Dave Brubeck found success by following his own lights, playing with all his heart.
Dave Brubeck was an exuberant American original whose expansive musical world encompassed cowboy songs, Stravinsky, Bach, Turkish scales and two-fisted Harlem stride piano. All of that found its way into his jolting jazz solos, often in three different keys.
Brubeck, who died Dec. 5, a day before his 92nd birthday, told a funny story about his music during a priceless audio interview with Walter Cronkite included with "Private Brubeck Remembers," a beautiful 2004 solo piano recording of World War II-era tunes that held meaning for the piano-playing rifleman in Gen. George S. Patton's 3rd Army. Before he went off to war, Brubeck played a concert at his alma mater, the College of the Pacific in Stockton, where his father, a cattleman and championship rodeo roper, was asked by reporters what he thought of his son's music.
"That was the damnedest bunch of noise I've ever heard in my life!" replied Pete Brubeck. He could never understand why his son preferred smoky nightclubs to the clean air of the 45,000-acre ranch he ran for H.C. Howard, the guy who owned Seabiscuit.
"That's an honest critic," Brubeck says with a laugh.
Brubeck's mother, Elizabeth, wanted to see him on the classical stage. But young Dave, who after the war studied composition and counterpoint at Mills College with the jazz-loving French modernist Darius Milhaud, refused to practice the classics, much to her dismay.
She changed her tune after hearing a record by one of Brubeck's heroes, Art Tatum, the Rubinstein of jazz piano, on the car radio. Dazzled, she turned to her son and said: "Now I understand why you want to play jazz."
A lot of critics knocked Brubeck after the boldly idiosyncratic pianist and composer rose to fame in 1950s San Francisco, including, at times, The Chronicle's revered Ralph J. Gleason, who played Boswell to one of Brubeck's idols and influences, Duke Ellington. They said Brubeck's harmonically dense, often percussive playing didn't swing. And sometimes it didn't, at least not in the conventional sense.
But the pianist, whose ingenious melding of rocking early jazz piano styles and complex European harmony struck a chord with the fledgling iconoclast Cecil Taylor and open-eared audiences, could create enormous excitement with his passionately hammered off-the-beat chords and stomping choruses.
You feel that listening to classic Brubeck records like "Jazz at Oberlin," the live 1953 recording that captures the inspired improvised counterpoint between the pianist and Paul Desmond, the wry San Francisco sybarite whose lovely dry-martini tone and lyricism were essential ingredients in the Brubeck sound. They play all standards, like "How High the Moon" and "Stardust" in unbounded performances that jump and flow from Bach to Bird to James P. Johnson, shifting and overlaying time signatures and tonalities in the heat of the moment.
Desmond, who wrote "Take Five," the irresistible melody in 5/4 time that became the biggest-selling jazz single of all time, first met Brubeck at the Presidio in 1944, when the pianist auditioned for the Army band he had hoped in vain would keep him from shipping out to Germany. He jammed with Desmond and other band members.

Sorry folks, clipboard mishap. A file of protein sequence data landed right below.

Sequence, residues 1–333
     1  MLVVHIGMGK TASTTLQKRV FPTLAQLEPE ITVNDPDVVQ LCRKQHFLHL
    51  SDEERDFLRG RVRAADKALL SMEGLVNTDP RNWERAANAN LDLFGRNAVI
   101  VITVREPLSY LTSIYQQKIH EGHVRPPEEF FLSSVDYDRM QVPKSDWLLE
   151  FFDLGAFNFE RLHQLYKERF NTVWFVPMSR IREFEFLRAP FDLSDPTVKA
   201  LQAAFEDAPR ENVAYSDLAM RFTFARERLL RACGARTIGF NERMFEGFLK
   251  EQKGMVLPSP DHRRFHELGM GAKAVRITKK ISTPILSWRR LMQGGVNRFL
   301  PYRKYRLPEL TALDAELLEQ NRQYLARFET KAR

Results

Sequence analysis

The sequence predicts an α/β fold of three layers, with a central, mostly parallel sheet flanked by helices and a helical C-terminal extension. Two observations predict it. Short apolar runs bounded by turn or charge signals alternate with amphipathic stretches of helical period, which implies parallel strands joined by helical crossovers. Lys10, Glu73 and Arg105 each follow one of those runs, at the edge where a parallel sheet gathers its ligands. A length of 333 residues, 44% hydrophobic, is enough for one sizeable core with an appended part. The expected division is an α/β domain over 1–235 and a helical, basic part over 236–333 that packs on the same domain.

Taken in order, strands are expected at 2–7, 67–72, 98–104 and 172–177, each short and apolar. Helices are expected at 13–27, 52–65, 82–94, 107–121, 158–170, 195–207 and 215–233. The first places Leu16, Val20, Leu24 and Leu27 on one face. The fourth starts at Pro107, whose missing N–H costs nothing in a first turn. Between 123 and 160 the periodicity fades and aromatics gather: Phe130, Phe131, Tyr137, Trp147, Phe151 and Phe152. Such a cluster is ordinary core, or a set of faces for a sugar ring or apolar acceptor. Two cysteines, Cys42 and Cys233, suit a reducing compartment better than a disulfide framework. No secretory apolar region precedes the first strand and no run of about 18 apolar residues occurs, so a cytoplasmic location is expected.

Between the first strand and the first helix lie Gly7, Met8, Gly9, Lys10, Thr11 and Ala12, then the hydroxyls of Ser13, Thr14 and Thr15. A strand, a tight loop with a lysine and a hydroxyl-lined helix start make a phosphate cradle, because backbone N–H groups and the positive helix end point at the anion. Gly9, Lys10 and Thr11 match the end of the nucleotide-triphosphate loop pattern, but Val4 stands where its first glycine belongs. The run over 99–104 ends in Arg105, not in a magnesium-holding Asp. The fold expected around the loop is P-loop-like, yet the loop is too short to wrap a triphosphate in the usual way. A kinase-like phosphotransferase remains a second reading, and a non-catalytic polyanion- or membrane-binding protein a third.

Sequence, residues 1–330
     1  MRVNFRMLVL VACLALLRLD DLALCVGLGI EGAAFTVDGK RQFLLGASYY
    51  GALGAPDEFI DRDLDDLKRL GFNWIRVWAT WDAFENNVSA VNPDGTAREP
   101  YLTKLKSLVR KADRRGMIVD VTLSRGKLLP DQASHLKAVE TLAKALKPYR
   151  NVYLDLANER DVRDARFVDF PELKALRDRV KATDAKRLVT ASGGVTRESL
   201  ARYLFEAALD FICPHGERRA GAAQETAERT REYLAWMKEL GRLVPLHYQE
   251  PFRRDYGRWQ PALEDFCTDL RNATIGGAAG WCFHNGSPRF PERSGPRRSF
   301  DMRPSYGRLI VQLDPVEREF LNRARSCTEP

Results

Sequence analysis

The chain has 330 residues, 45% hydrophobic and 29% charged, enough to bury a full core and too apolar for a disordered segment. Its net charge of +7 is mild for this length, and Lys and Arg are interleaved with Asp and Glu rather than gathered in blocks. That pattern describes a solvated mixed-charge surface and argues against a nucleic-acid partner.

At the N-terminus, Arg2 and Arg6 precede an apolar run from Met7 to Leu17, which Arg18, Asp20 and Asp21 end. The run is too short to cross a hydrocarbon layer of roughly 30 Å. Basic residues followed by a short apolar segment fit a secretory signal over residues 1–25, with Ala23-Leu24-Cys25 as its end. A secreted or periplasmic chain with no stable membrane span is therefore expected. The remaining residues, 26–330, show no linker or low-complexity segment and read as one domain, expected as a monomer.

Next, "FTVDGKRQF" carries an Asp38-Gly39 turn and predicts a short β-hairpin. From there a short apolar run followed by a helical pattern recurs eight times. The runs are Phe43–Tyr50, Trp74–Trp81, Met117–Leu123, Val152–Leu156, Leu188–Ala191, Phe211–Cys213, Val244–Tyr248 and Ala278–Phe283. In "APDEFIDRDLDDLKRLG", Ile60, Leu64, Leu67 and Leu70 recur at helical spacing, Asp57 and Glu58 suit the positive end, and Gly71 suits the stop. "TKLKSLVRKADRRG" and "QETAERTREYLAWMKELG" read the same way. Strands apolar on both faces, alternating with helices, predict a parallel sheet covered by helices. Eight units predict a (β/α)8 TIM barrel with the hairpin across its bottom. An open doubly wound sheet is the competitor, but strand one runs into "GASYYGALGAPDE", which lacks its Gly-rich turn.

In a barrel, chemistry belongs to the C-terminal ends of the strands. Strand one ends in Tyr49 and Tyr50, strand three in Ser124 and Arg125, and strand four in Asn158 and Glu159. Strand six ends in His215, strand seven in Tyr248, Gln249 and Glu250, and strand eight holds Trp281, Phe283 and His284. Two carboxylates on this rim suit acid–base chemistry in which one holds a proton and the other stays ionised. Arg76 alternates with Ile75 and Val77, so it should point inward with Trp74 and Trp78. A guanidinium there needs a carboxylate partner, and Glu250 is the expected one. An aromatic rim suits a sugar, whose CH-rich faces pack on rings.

"I was using a lot of wild things in polytonality, playing in two keys at once," Brubeck told NPR in 1999. "Paul said, 'He's stark raving mad.' But it was more - or less - of a joke. He knew I could really play."
Desmond, a marvelous storyteller who used to hang out here with wits like Herb Caen and Mort Sahl, told the same basic story to Downbeat, describing his first encounter with the "ferocious-looking, wild-haired" cat, with his "pile-driver approach to the piano, and the expression of a surly Sioux."
With drummer Joe Morello and bassist Eugene Wright, Brubeck and Desmond recorded the 1959 masterpiece "Time Out." Among other pleasing numbers, it features "Take Five" and another flawless gem, Brubeck's "Blue Rondo a la Turk." The tune shifts from 9/8 time, a pattern he'd heard on the streets of Istanbul during a State Department tour, to 4/4 swing and back, artfully merging the form of a classical rondo with the blues.
"It wasn't supposed to be a hit," Desmond said of "Take Five." "It was supposed to be a Joe Morello drum solo."
Two years after that record made him rich and really famous, Brubeck, who refused to play segregated clubs or perform concerts or TV shows without Wright, who was black, took on segregation and racism in "The Real Ambassadors." He and his lyricist wife, Iola, wrote the suite for Louis Armstrong. They considered him the real ambassador of American culture.
The piece, which was recorded in 1961 with Armstrong; Carmen McRae; Lambert, Hendricks & Ross; and others, was performed only once, at the Monterey Jazz Festival in 1962, with the same cast. Forty years later, the irrepressible pianist, who lived for music and his large family, reprised the piece at Monterey with younger artists. He had never forgotten the electric feeling of the original performance.
"Louis just expressed so much emotion," Brubeck told me when I interviewed him for The Chronicle. He remembered Armstrong welling up when he sang, "They say I look like God/ Could God be black, my God," and Dizzy Gillespie coming backstage with tears in his eyes.
Wherever he appeared over the ensuing decades, whether it was at Monterey or the San Francisco Jazz Festival or some Symphony pops concert, Brubeck never held back, pouring himself into the music.
"I love to play," he said at 81. "When you love something, you just don't want to stop."